The House Manufacturing and Workforce Development Committee, chaired by Rep. Schuring (R) held the first reading of HB151 and HJR5 - the anti worker so-called "right to work" legislation. They heard from the bills sponsors, Rep. Roegner (R) and Rep. Maag (R).
The hearing room was packed to capacity by opponents of the bill, indeed so many people were in opposition to this bill that they filled two additional overflow rooms, and left some standing in the hallways listening over a speaker system.
As expected, Rep. Roegner and Rep. Maag gave misleading and highly selective testimony, that failed to stand up to questions from the committee. Often they had to fall back upon "feelings", "beliefs" and ad nauseam recitation of the word "freedom" like they were auditioning for the role of William Wallace in an off-Broad St. production of Braveheart.
The Democrat's statement drew a roar of applause from the audience, prompting Chairman Schuring to slam the gavel and warn spectators to observe proper decorum or be ejected from the room.
Rep. Roland Winburn (D-Dayton) questioned whether the measure would allow workers who choose not to pay union dues to benefit from the union's representation and called it "a right-to-freeload law more than the workplace freedom law."
Rep. Patterson said he believed allowing individual workers to "cut their own deals" with management effectively undermines the efficacy of collective bargaining and asked the sponsors if they thought the measure would weaken labor unions in the state.
The true facts regarding so-called "right to work" laws and their impact on working people and the economy are clear
The hearing was more notable for what didn't happen, rather than what did. Not a single Republican questioned their colleagues about their proposed bill, despite intense questioning by the Democrats on the committee. It was also apparent that there were few, if any supporters of the bill at the hearing.
The lack of a convincing case for the bill, a lack of support in the Republican caucus, and widespread opposition led the chairman to declare the bill dead in his committee
Chairman Rep. Kirk Schuring (R-Canton) said after the hearing that members of the panel had unanimously agreed not to continue deliberations on the proposals.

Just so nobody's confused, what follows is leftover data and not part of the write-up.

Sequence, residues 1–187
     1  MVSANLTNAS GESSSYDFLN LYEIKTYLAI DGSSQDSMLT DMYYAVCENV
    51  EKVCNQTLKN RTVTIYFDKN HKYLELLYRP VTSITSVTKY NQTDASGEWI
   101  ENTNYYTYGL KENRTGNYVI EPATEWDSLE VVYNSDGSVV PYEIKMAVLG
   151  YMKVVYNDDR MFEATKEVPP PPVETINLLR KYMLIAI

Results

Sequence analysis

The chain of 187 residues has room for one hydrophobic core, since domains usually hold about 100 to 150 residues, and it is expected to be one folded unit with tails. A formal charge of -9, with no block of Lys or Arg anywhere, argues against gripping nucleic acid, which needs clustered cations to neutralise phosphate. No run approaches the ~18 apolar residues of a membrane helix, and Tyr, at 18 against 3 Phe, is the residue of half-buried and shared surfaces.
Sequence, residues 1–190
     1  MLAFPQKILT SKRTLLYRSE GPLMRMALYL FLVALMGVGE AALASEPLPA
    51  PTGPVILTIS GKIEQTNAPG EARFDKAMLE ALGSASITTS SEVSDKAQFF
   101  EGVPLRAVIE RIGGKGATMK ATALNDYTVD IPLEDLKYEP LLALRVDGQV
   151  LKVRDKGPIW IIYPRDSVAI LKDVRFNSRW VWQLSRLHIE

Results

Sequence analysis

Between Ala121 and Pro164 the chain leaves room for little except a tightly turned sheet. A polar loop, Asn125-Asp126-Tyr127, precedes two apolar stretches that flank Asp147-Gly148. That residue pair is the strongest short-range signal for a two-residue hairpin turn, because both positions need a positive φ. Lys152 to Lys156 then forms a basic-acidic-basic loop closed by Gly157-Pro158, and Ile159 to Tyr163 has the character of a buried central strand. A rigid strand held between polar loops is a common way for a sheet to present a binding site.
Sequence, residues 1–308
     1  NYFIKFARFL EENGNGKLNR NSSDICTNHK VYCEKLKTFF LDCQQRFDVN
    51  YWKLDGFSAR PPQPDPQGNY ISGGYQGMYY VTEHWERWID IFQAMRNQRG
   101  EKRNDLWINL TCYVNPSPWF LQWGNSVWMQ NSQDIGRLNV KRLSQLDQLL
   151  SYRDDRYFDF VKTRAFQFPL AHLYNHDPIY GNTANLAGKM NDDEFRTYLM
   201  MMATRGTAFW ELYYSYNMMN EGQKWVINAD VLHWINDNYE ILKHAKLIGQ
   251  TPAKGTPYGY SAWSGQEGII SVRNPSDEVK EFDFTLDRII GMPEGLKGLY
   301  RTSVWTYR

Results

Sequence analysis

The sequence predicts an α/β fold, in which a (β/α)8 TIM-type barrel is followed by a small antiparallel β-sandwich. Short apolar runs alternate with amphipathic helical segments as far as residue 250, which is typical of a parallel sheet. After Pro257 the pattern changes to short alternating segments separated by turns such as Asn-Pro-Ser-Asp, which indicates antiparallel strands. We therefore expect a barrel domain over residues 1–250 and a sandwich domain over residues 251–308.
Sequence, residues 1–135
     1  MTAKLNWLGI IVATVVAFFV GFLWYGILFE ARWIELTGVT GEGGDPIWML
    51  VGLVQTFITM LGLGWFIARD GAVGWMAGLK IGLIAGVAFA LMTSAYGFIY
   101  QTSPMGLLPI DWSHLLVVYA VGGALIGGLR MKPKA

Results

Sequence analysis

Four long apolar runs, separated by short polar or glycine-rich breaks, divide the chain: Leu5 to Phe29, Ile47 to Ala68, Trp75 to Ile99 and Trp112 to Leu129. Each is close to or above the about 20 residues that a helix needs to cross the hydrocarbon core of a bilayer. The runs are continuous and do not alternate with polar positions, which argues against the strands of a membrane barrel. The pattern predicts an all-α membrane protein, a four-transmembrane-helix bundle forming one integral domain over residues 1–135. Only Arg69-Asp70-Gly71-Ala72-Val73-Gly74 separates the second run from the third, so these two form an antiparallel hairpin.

"I've surveyed the committee and for a wide variety of reasons, the committee has determined that it would not be appropriate to have additional hearings on the legislation," he said in an interview.
"My individual thoughts are that I've been in the legislature now for 20 years and I have not had one union shop - an owner of a company that is a union shop or an executive from a company that is a union shop - has come to me and asked for this type of legislation," the chairman said.
"So I think it's something that does not need to be addressed at this point in time. There are a whole host of other issues regarding our economy and how we can improve the economic climate in this state that we need to address."
The chairman's comments reflect the radioactive nature of the issue currently for majority Republicans who saw an attempt to curb union collective bargaining thrown out by voters last session (SB5, 129th General Assembly).
With that, the Republicans in the Ohio House passed this hot potato to their Tea Party grassroots activists. Signature collection by right wing extremists now being the only route left for this legislation to move forward. With that signature collection deadline fast approaching, and reports that the Tea Party are struggling to collect those signatures, it is unlikely a so-called "right to work" amendment will find its way onto a ballot this year. This Leaves next year (when the governor and most of his legislative pals are up for reelection) as the next possible date, followed shortly afterwards by the lame duck session of 2014.
But for now, it doesn't look like anyone wants to be left holding this anti-worker, deceitful hot potato.